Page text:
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The U.S. Current Account Deficit and the Expected Share of World Output

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  • Charles Engel
  • John H. Rogers

Abstract

We investigate the possibility that the large current account deficits of the U.S. are the outcome of optimizing behavior. We develop a simple long-run world equilibrium model in which the current account is determined by the expected discounted present value of its future share of world GDP relative to its current share of world GDP. The model suggests that under some reasonable assumptions about future U.S. GDP growth relative to the rest of the advanced countries -- more modest than the growth over the past 20 years -- the current account deficit is near optimal levels. We then explore the implications for the real exchange rate. Under some plausible assumptions, the model implies little change in the real exchange rate over the adjustment path, though the conclusion is sensitive to assumptions about tastes and technology. Then we turn to empirical evidence. A test of current account sustainability suggests that the U.S. is not keeping on a long-run sustainable path. A direct test of our model finds that the dynamics of the U.S. current account -- the increasing deficits over the past decade -- are difficult to explain under a particular statistical model (Markov-switching) of expectations of future U.S. growth. But, if we use survey data on forecasted GDP growth in the G7, our very simple model appears to explain the evolution of the U.S. current account remarkably well. We conclude that expectations of robust performance of the U.S. economy relative to the rest of the advanced countries is a contender -- though not the only legitimate contender -- for explaining the U.S.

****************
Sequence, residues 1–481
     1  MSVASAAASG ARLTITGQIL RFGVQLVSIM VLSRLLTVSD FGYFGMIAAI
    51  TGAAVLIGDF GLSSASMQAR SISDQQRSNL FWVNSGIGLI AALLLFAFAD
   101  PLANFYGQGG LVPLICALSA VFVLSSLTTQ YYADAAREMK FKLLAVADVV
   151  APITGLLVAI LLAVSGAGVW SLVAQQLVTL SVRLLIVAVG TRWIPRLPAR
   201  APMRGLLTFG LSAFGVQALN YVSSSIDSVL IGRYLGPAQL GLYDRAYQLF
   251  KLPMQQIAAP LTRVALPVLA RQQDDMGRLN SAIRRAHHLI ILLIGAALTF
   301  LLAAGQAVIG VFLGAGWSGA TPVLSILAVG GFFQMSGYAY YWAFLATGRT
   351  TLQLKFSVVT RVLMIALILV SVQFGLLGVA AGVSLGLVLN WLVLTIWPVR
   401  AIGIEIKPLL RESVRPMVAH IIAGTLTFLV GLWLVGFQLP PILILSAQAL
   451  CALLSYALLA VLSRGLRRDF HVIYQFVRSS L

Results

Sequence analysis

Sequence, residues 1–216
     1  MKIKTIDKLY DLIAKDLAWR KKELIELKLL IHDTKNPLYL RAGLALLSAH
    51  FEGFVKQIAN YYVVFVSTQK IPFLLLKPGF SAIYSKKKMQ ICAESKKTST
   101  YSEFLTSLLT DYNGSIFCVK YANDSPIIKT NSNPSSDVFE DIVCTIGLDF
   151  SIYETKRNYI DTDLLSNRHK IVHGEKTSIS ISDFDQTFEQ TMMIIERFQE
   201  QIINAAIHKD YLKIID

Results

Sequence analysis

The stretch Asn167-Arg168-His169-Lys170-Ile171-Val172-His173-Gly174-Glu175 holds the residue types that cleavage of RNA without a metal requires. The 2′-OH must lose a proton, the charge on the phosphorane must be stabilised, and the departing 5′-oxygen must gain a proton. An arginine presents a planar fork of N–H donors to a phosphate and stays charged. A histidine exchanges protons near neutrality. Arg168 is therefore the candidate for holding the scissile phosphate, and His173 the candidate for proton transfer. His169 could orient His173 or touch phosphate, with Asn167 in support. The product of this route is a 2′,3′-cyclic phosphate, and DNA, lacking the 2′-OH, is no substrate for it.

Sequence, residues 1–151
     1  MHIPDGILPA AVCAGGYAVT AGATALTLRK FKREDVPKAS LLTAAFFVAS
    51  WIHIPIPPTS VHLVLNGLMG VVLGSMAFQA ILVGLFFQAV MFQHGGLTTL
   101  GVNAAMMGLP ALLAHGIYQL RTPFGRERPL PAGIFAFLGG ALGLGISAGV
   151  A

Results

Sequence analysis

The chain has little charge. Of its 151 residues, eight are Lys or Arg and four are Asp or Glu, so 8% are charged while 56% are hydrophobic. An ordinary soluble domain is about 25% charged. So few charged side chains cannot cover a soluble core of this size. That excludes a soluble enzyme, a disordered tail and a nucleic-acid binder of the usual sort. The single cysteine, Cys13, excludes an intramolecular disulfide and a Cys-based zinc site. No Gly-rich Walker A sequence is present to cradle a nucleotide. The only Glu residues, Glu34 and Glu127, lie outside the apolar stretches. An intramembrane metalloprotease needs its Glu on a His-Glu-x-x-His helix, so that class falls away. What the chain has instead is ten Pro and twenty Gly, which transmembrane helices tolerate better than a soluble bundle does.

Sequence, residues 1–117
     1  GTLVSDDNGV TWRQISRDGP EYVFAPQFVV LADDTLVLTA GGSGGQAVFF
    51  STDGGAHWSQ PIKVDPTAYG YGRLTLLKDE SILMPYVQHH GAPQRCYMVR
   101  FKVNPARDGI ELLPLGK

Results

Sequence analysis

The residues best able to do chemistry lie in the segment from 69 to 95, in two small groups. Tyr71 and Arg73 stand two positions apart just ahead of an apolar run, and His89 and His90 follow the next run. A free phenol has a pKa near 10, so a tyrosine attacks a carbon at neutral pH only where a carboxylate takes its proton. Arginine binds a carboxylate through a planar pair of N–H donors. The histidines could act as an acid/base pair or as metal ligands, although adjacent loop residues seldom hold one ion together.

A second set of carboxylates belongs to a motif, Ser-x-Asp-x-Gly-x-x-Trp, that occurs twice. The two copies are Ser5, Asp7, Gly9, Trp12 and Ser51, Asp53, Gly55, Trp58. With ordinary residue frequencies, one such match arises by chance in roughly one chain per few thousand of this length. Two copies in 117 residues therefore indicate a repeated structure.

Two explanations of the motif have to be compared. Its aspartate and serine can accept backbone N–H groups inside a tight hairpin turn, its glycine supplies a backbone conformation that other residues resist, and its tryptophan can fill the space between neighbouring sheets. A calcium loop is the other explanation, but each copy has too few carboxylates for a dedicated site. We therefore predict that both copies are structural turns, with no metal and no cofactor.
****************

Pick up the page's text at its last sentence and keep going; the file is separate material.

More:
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Bibliographic Info

Paper provided by National Bureau of Economic Research, Inc in its series NBER Working Papers with number 11921.

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Date of creation: Jan 2006
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Publication status: published as Engel, Charles, and John H. Rogers. “The US Current Account Deficit and the Expected Share of World Output.” Journal of Monetary Economics 53 (2006): 1063-1093.
Handle: RePEc:nbr:nberwo:11921

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